The New Foreclosure Defenses Dernier: Lost or Stolen Notes We should not give up on using securitization failures as a defense. Let me make one common sense point before explaining that securitization failures may serve as an affirmative defense: courts are not in the business of aiding thieves. The better approach, which has been approved by the Vermont Supreme Court, is to assert the securitization failure either as an affirmative defense (An affirmative defense is proved by the defendant to defeat all or part of the plaintiff's case) or as a declaratory judgment action brought by the homeowner (a declaratory judgment action asks a court to declare rights in a contract). When homeowners bring a declaratory judgment action, they are the plaintiff in the case. In Dernier v. Mortgage Network, Inc., 87 A.3d 465, 2013 VT 96, Peter and Nicole Dernier brought a declaratory judgment action in Vermont state court. There are many important holdings by the Vermont Supreme Court in its opinion, but I would like to focus on the part dealing with securitization failures. The Derniers alleged that the note was not conveyed to the trust in the method required by the Pooling and Servicing Agreement, and that the signature on the assignment of the mortgage from MERS to the trust was forged. The Derniers contended that these problems meant that the trust did not have the right to enforce the note. The trust made the usual "even a thief can enforce a note" argument. The biggest problem the Derniers faced was that the maker of the note is not allowed to use another person's claim to the note as a defense to its enforcement. There is, however, an exception to the rule. Here is the rule and the exception: in an action to enforce the obligation of a party to pay the instrument, the obligor may not assert against the person entitled to enforce the instrument a defense, a claim … to the instrument … of another person. … An obligor is not obliged to pay the instrument if the person seeking enforcement of the instrument does not have rights of a holder in due course and the obligor proves that the instrument is a lost or stolen instrument. To avoid the rule that it could not use somebody else's claim to the note, the Derniers had to prove (1) the trust was not a "holder in due course" and (2) the note was lost or stolen. Let's skip over the "holder in due course" part and focus on "lost or stolen." Here is what the Vermont Supreme Court said: 53. While plaintiffs' complaint did not use the terms "lost" or "stolen," their allegations are consistent with this theory. The complaint alleges that the note was fraudulently acquired by defendant, based on a fraudulent endorsement with a forged endorsement signature, that was created by defendant. These allegations are sufficient to give plaintiffs standing. The court erred in dismissing Counts 1 and 2 of the amended complaint for lack of standing, to the extent that these counts alleged irregularities in the transfer of the note and mortgage unconnected to the pooling and servicing agreement. By saying that the Derniers have "standing," the Supreme Court acknowledged "lost or stolen" as a valid defense if based on irregularities in the transfer of the note from party to party that do not involve the pooling and servicing agreement. That is a great holding! I disagree with the Vermont Supreme Court, however, on the relevance of the Pooling and Servicing Agreement. UCC § 3-305(3) allows the obligor on the note (that is you) to avoid having to pay the note by proving that the person seeking enforcement of the instrument (1) does not have rights of a holder in due course and (2) the instrument is a lost or stolen instrument. The question is, how do you prove that the instrument was stolen? Wisconsin (and I believe every other state) defines theft as intentionally taking and carrying away, uses, transfer, conceal, or retain possession of movable property of another without the other's consent and with intent to deprive the owner permanently of possession of such property. I have highlighted "of another" and "owner" to emphasize that while ownership does not matter in determining whether a party has the right to enforce the note, ownership most certainly matters when the obligor defends on the ground that the note was stolen. How do we prove who owns a piece of property? If it is a car, we produce the title. If it is a house, we produce the deed. If it is a television, we produce the sales receipt. The Pooling and Servicing Agreement is like the registration, deed and sales receipt: it is proof of whether the trust owns your loan. The qualifications a loan must meet to be owned by the trust can be found in the definitions section. (Always read the definitions section of Wall Street deals. A lot of heavy lifting is done there to make the document more readable). You will find that "mortgage loan" is defined there as well as "trust estate" in some PSAs. The "trust estate" is the property owned by the trust. "Mortgage Loan" may define the qualifications that a loan must meet to be considered a "mortgage loan" owned by the trust. The first time I read the definition section of a PSA, it defined a "mortgage loan" as a loan that had satisfied the transfer requirements in the Pooling section. The Vermont Supreme Court held that the Derniers were allowed to prove at trial that the documents were stolen: "The complaint alleges that the note was fraudulently acquired by defendant, based on a fraudulent endorsement with a forged endorsement signature that was created by defendant." If the note was fraudulently acquired by the defendant based on a fraudulent endorsement with a forged signature, it is almost certain that the loan does not satisfy the definition of "mortgage loan" or "property of the estate" in the PSA. That is, the PSA is the evidence that the loan does not belong to the trust. The PSA must be consulted when determining whether the loan, which includes the note, was stolen.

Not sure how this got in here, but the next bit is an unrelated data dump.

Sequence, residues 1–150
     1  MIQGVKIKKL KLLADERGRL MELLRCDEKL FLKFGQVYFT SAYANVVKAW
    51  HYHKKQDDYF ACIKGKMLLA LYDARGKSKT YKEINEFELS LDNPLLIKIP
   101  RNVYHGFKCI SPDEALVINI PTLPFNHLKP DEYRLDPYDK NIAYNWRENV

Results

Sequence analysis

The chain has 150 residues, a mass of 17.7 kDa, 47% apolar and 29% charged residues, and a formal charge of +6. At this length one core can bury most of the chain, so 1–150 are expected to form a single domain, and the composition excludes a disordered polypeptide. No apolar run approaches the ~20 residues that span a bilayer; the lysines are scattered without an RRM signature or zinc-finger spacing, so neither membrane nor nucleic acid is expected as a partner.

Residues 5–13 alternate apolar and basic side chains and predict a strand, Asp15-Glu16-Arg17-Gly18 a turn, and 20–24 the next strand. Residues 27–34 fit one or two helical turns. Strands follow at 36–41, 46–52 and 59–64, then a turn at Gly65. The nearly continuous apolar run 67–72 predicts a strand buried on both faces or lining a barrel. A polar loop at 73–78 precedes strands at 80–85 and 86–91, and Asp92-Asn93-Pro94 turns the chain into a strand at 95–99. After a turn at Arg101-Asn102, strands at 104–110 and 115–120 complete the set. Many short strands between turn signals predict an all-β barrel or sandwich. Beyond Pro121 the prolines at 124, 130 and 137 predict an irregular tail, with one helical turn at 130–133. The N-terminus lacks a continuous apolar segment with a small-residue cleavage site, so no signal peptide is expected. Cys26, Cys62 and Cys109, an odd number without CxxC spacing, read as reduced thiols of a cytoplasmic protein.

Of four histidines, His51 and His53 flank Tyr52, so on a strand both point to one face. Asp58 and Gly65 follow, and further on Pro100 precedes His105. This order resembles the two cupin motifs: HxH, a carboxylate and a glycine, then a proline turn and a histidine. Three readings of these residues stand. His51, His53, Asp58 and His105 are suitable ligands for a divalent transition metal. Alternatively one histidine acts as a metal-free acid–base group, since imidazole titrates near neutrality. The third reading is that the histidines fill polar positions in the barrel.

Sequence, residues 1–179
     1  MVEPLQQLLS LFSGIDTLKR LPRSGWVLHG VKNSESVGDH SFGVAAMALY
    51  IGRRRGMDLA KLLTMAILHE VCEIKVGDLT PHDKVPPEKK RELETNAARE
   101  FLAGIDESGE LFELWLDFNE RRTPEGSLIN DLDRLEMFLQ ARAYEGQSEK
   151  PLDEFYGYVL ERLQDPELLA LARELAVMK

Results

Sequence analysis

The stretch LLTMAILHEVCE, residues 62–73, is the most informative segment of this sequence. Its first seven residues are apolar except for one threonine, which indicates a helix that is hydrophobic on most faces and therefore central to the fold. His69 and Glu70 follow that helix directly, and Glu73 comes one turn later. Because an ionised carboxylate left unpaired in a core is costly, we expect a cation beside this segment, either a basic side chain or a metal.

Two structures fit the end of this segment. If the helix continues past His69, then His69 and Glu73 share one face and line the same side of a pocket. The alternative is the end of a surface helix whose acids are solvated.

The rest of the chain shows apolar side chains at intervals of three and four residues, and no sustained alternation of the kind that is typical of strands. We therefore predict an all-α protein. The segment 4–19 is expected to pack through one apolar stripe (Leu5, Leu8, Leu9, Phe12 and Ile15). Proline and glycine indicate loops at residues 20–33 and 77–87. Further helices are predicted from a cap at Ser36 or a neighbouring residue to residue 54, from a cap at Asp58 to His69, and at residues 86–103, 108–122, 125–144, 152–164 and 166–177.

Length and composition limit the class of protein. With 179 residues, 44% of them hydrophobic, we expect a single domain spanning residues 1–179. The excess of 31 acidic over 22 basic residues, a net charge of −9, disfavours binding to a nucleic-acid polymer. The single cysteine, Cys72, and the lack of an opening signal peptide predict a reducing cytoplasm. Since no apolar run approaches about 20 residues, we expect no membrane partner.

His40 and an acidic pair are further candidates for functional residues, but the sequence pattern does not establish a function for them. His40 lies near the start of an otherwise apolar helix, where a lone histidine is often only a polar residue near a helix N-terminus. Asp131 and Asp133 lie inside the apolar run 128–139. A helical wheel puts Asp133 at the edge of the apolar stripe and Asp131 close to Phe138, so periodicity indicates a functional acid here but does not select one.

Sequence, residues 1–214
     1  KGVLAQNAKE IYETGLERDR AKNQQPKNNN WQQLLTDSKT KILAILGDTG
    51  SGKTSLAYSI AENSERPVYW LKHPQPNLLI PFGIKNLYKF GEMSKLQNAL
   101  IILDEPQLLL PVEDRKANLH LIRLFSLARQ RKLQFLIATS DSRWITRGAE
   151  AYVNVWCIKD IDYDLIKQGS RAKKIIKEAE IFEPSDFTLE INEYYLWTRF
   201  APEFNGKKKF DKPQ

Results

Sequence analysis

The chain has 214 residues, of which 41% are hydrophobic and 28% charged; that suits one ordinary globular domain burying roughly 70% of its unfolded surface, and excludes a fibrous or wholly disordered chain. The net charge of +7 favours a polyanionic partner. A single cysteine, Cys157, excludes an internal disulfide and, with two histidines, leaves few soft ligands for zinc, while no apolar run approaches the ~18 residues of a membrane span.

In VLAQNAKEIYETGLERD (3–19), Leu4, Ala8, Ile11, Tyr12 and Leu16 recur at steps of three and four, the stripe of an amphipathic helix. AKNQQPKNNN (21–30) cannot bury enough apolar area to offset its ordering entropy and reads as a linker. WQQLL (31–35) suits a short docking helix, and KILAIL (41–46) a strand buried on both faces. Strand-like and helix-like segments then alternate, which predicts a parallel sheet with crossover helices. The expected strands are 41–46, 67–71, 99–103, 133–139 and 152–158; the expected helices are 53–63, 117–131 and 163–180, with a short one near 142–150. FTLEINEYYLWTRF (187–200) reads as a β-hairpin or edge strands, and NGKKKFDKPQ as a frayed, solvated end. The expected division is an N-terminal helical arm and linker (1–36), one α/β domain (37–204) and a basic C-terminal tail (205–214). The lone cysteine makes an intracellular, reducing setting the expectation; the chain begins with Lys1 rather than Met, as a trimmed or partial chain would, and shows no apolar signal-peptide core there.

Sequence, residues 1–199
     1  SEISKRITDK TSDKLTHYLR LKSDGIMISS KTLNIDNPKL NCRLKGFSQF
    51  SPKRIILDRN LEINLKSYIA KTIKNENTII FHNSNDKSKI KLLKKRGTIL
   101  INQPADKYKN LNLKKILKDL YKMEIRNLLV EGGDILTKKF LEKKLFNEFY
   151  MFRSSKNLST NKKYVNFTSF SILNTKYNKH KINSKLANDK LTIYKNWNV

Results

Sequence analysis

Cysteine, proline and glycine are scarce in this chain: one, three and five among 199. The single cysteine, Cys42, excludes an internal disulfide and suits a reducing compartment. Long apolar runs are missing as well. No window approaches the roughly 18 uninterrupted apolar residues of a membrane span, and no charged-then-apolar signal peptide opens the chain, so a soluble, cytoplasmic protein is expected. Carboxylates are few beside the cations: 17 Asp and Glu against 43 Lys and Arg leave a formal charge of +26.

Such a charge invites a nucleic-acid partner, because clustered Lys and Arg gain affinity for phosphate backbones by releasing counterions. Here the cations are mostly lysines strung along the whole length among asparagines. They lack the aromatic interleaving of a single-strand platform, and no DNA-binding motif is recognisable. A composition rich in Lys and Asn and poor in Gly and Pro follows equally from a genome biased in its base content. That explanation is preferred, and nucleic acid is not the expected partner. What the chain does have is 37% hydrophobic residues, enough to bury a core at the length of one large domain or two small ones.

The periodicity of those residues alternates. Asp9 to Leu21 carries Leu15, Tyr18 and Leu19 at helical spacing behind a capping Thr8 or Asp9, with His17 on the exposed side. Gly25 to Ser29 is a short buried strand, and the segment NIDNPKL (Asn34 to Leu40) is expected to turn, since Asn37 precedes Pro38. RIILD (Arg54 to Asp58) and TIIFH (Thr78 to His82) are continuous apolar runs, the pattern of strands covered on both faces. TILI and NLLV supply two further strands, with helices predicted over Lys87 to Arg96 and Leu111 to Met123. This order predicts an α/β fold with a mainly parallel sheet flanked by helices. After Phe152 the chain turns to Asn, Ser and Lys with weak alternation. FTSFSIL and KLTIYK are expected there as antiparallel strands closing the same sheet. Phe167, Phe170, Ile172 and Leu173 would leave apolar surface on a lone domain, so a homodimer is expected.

MORTGAGE RIGHTS
The site does not provide legal advice. Neither Susan LaCava nor her law firm, LaCava Law, S.C., represent you until there is a signed retainer agreement.  MORTGAGE RIGHTS